Young and budding singer-songwriter Elliot Jones is closing out this bizarre year with two new tracks in his discography – “Groupie” and “Do It Again” – and they are no less killer than his previous releases. Brought up on artists such as Lana Del Rey, Tove Styrke, and Amy Winehouse, Elliot has found comfort in expressing vulnerability through melodic indie-pop music,” and he never misses.
Before ever even considering a career in music, Elliot was fully intent on becoming an actor. Though, he quickly realized the extent of acting’s restrictions on creative freedom and self-expression.
“I was getting frustrated because I felt like there was a lot I wanted to say – as opposed to memorizing and reading lines – and I wanted to write my own stuff, but I wasn’t really much of a playwright,” Elliot explains.
In his search for an alternative avenue, Elliot discovered poetry, which eventually transformed into songwriting.
After his eighteenth birthday, Elliot moved from his hometown of Toronto to New York City, where he spent a couple of years on the live music scene. Then, one summer, he visited LA and instantly knew that was where he had to be.
In 2017, Elliot released his first song “Let You In,” but he was 19 at the time and says he was an entirely different person then. “While I love those first releases, it took a while for me to be able to do exactly what I wanted to do,” he shares.
It wasn’t until Elliot was living in LA that he was able to truly explore his sound. “I’ve been in LA for over a year and a half, and I love it,” he says. “I feel like I’m really finding my ground as an artist and taking in all my influences to create something unique I can call my own artistic style.”
Over the last year and a half, Elliot has put out a number of songs, commencing with the mid-2019 release of “Emotions,” which has become his most streamed song to date. Months later, he dropped “i’m in love,” a song he describes as one of his “most special releases” and his “biggest step, artistically.”
“‘i’m in love’ was pretty experimental compared to my earlier songs, and it was so very well received. I feel like I gained a bit of a following from that song, so that one particularly sticks out to me, and I’m really proud of it.”
Since moving to LA, Elliot says he has become “a stronger songwriter, stronger singer, and stronger artist,” both visually and sonically. “I know specifically what I want now. It’s really frustrating because when you’re an artist, what you hear in your head and what you visualize in your mind won’t come out that way.”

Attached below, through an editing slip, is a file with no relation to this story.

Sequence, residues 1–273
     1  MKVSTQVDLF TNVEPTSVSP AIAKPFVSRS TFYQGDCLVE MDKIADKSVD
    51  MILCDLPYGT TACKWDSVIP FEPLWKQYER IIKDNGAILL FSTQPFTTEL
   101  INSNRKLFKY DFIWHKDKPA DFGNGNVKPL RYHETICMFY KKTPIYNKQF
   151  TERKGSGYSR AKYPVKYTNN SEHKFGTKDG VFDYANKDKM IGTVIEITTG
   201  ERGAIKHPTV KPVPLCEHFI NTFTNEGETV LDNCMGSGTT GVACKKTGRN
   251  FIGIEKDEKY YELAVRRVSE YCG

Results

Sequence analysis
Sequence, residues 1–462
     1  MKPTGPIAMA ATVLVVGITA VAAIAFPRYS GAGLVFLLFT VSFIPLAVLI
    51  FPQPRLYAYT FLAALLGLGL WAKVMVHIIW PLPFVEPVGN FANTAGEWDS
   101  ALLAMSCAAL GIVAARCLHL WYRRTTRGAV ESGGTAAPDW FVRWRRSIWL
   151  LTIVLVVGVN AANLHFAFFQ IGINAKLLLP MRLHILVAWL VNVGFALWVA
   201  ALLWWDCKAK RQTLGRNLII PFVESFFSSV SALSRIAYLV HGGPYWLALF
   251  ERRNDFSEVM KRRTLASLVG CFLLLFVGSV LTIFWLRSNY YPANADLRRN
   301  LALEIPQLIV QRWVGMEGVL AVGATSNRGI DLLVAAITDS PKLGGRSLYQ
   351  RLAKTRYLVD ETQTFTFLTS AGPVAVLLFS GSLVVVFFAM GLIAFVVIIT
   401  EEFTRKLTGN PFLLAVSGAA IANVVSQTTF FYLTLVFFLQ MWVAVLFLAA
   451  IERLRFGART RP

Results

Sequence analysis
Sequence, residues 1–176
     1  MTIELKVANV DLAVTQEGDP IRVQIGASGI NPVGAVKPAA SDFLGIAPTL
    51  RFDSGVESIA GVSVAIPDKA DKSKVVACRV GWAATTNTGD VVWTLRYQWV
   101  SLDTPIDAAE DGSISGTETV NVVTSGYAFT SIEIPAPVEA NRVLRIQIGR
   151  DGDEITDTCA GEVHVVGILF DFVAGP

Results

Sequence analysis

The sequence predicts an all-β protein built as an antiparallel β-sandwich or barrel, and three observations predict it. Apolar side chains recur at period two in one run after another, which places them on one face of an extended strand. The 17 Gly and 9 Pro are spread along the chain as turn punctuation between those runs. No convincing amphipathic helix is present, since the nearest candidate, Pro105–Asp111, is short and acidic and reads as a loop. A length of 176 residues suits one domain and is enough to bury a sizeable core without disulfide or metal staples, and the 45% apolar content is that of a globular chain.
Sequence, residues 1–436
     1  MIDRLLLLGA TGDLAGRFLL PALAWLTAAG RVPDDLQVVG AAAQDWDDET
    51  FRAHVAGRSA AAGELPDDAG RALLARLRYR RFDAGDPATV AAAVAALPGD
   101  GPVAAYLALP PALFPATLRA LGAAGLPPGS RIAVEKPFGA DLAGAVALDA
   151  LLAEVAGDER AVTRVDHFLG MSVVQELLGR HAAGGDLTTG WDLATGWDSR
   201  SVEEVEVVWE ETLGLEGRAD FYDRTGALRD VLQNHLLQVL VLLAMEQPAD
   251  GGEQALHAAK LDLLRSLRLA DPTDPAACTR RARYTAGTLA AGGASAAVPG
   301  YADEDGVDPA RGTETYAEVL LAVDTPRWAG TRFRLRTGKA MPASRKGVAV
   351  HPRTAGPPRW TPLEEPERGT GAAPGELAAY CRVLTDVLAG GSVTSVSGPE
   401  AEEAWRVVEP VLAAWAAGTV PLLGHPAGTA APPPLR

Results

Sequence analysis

Last Month, Elliot dropped his most recent single “Do It Again,” an infectious tropical-sounding bop about the inability to let go of a toxic relationship and one’s willingness to settle for less in the name of love. As for a debut album, Elliot says he has “that and more planned,” but “right now, the timing is so off.”
“When you release something, everything has to align. You wanna go out and celebrate and be in a good headspace, and right now, it’s just a bunch of really weird times. But once all this is over, you can expect a lot,” Elliot reveals.
Check out the rest of my interview with Elliot below:
Tell me about your creative process.
It’s funny – usually, I’m just walking around daydreaming, and I get a melody or some lyrics in my head. I’m a big thinker. I’m constantly thinking, so words and lyrics come to me almost like poems, and then the melody will just come. You know, I say that I write by sitting down at the keyboard, but the song is usually already written, and I’m just finding the chords. Like, I’ll go on walks, and when the song’s written, I’ll just come home and find the chords. Then, I’ll go to my producer and get it produced, or I’ll make a really shitty demo – because I do have, like, okay production skills – and bring that over to him.
Talk to me about your single “Groupie.”
So, I was living in LA, spending time around all these entertainment people, and I was hanging out with this one dude who was just inspiring to be around. He always had some cool stuff going on, and it was really motivating. But after a while, it felt like when we were talking about him, the conversation was flowing and going with everything he’s been doing, but when we were talking about me, he would get bored and let the conversation die out. So, for a while, I was doting on those feelings of not feeling respected and was looking for an interesting way to play that into a pop song – because I didn’t wanna write some sad ballad, you know? I thought a lot about different ways I could suggest I was feeling this way, and it kind of came out, like, “I feel like a groupie to this rock star.”
What is the number one thing on your bucket list?
When I think of a bucket list, I think of something crazy, so maybe to go on a large tour with a lot of people.
What do you enjoy doing aside from music?
I’m a pretty active person. I don’t really like to sit at a desk for too long, so if I’m not walking or running around, I’m jumping rope or biking or just staying busy.
Which artists would you like to collaborate with?
I’d love to collaborate with Lana Del Rey or Tame Impala.
What is your proudest moment?
I mean, moving to New York at 18 was a really crazy decision that I went through with. And then, moving to LA shortly after was crazy. I was young, and it was a big risk, so I’m really proud of myself for that and for following my dreams in general and pushing myself to be the artist I want to be. There’s still so much to do, but I’m proud of just being an artist and putting my ideas and these visuals out there. I do feel accomplished in that sense.
If you could have the answer to any question at all, what would you want to know?
What is the meaning of life? Why are we here? Where do we go? What is love? I want the answers to all the questions, that’s the thing. What is the truth of it all?